Tall Thin Men

Writers - Tennant/Lowe
First released - 2017
Original album - Nightlife 2017 reissue Further Listening 1996-2000 bonus disc
Producer - ????
Subsequent albums - (none)
Other releases - (none)

Let's count the layers of irony in this hilarious and wildly atypical song, which at one time was planned as the opening number, a "prelude" of sorts, of their 2001 stage musical Closer to Heaven, but was ultimately deleted. First of all, the narrator—or, more accurately, each narrator (Vic and his boyfriend, a character who was also deleted)—asserts that he's not one of those "tall thin men who like show tunes." The stereotype, of course, is that it's gay men who are huge fans of musical theater, and perhaps who are more inclined to being tall and thin as well (read "gaunt" and "delicate"), although those are less pervasive stereotypical traits. Since Vic of course is gay, there's one level of irony right there. Yet that's just stereotype-busting. There's so much more.

Next consider the way in which this song is performed in the PSB demo (not yet officially released except as an exclusive bonus track that was available for listening at one time on the Boys' official website). In short, the narrator (in this case, Neil singing alone) spends the entire song proclaiming his intense dislike of musicals. Along the way he cites the shows Carousel, Les Miserables (as "Les Miz"), Oklahoma, The Phantom of the Opera, Cats, and Miss Saigon, name-checks major musical stars Ute Lemper ("puts me in a temper") and "Elaine flaming Paige," and insists that he would much prefer to hear Madonna sing "Into the Groove" than "Don't Cry for Me, Argentina." But the music itself, performed by a small orchestra, has been arranged by occasional PSB collaborator Richard Niles much like a pre-rock-era show tune, or at least like a broad parody of one.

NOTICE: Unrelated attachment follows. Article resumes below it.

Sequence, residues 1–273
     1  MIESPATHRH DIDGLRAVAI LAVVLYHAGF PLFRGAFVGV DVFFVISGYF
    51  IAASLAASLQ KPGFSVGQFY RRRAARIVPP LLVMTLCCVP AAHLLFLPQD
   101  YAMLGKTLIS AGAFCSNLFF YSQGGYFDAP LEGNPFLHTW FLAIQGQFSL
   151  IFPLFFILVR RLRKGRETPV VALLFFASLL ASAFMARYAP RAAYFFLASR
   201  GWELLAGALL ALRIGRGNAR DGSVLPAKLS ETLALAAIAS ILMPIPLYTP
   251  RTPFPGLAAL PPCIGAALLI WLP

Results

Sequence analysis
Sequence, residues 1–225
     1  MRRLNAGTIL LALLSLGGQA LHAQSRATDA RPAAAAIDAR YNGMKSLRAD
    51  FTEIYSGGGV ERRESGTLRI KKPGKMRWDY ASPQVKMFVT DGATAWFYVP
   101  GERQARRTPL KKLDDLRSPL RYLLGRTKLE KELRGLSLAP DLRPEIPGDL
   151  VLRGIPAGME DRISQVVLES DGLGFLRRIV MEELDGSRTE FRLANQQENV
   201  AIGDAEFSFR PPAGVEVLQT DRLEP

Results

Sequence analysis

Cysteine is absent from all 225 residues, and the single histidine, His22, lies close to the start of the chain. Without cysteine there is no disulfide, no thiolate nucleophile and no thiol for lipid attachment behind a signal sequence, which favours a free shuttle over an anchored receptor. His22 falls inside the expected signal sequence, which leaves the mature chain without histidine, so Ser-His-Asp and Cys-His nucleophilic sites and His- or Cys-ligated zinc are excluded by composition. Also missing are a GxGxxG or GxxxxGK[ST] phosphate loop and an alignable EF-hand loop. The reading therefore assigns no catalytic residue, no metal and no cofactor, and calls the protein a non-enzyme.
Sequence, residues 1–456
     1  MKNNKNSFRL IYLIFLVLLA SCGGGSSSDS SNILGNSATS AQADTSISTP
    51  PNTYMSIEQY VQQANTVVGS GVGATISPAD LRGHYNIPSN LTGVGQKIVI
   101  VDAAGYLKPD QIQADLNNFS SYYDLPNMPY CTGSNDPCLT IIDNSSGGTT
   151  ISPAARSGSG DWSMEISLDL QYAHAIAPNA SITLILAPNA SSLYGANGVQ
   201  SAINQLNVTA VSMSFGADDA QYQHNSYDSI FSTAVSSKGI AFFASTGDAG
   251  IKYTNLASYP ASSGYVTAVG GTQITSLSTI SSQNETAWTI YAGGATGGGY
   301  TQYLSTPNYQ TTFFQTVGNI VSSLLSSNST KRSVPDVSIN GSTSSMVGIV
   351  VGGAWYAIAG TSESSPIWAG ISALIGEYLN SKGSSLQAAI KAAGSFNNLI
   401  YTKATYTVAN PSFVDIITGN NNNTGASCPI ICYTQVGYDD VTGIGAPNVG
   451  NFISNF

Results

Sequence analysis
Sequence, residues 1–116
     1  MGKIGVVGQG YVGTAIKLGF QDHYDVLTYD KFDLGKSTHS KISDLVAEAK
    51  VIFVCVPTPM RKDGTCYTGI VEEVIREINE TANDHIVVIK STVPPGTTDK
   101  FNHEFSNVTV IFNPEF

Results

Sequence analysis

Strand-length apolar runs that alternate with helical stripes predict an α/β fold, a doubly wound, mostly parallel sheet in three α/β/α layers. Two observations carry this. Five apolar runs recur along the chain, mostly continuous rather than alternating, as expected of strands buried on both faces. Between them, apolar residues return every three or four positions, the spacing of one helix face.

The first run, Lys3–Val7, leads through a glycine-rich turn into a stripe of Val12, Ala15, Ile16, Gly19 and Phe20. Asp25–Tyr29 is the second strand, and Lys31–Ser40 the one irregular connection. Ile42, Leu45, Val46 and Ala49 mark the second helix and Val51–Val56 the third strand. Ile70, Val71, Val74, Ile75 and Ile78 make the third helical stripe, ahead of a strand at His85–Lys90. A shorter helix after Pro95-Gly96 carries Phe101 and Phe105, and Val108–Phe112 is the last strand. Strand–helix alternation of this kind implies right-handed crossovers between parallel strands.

It sounds like nothing else the Pet Shop Boys have done; the closest is the "Swing Version" of "Can You Forgive Her?" although "Tall Thin Men" is far more over-the-top. And in light of the fact that the Boys wrote this to be a showtune about not liking showtunes—well, you can't get much more ironic than that. In the demo Neil has a little trouble managing the melody, which is all over the place (after all, they wrote it not for his voice but two other voices), yet they nevertheless pull it off with tremendous aplomb.

Long left unreleased—but just as long bootlegged—this remarkable recording finally saw the "official" light of day with the 2017 reissue of Nightlife with bonus tracks. (It's much too funny—and much too good—to have languish in perpetuity in the twilight world of unauthorized mp3 and Flash files.) At one time I thought that perhaps they might be saving it for their next musical, which they were hinting at shortly after Closer to Heaven closed. Ironically, someone else has beat them to it. The producers of the 2006 Australian stage show titled Seriously—the Pet Shop Boys Reinterpreted included "Tall Thin Men" among the Tennant-Lowe songs given dramatic new readings. Of course, this hardly prevents the Boys from using this song however they may see fit at some point in the future.

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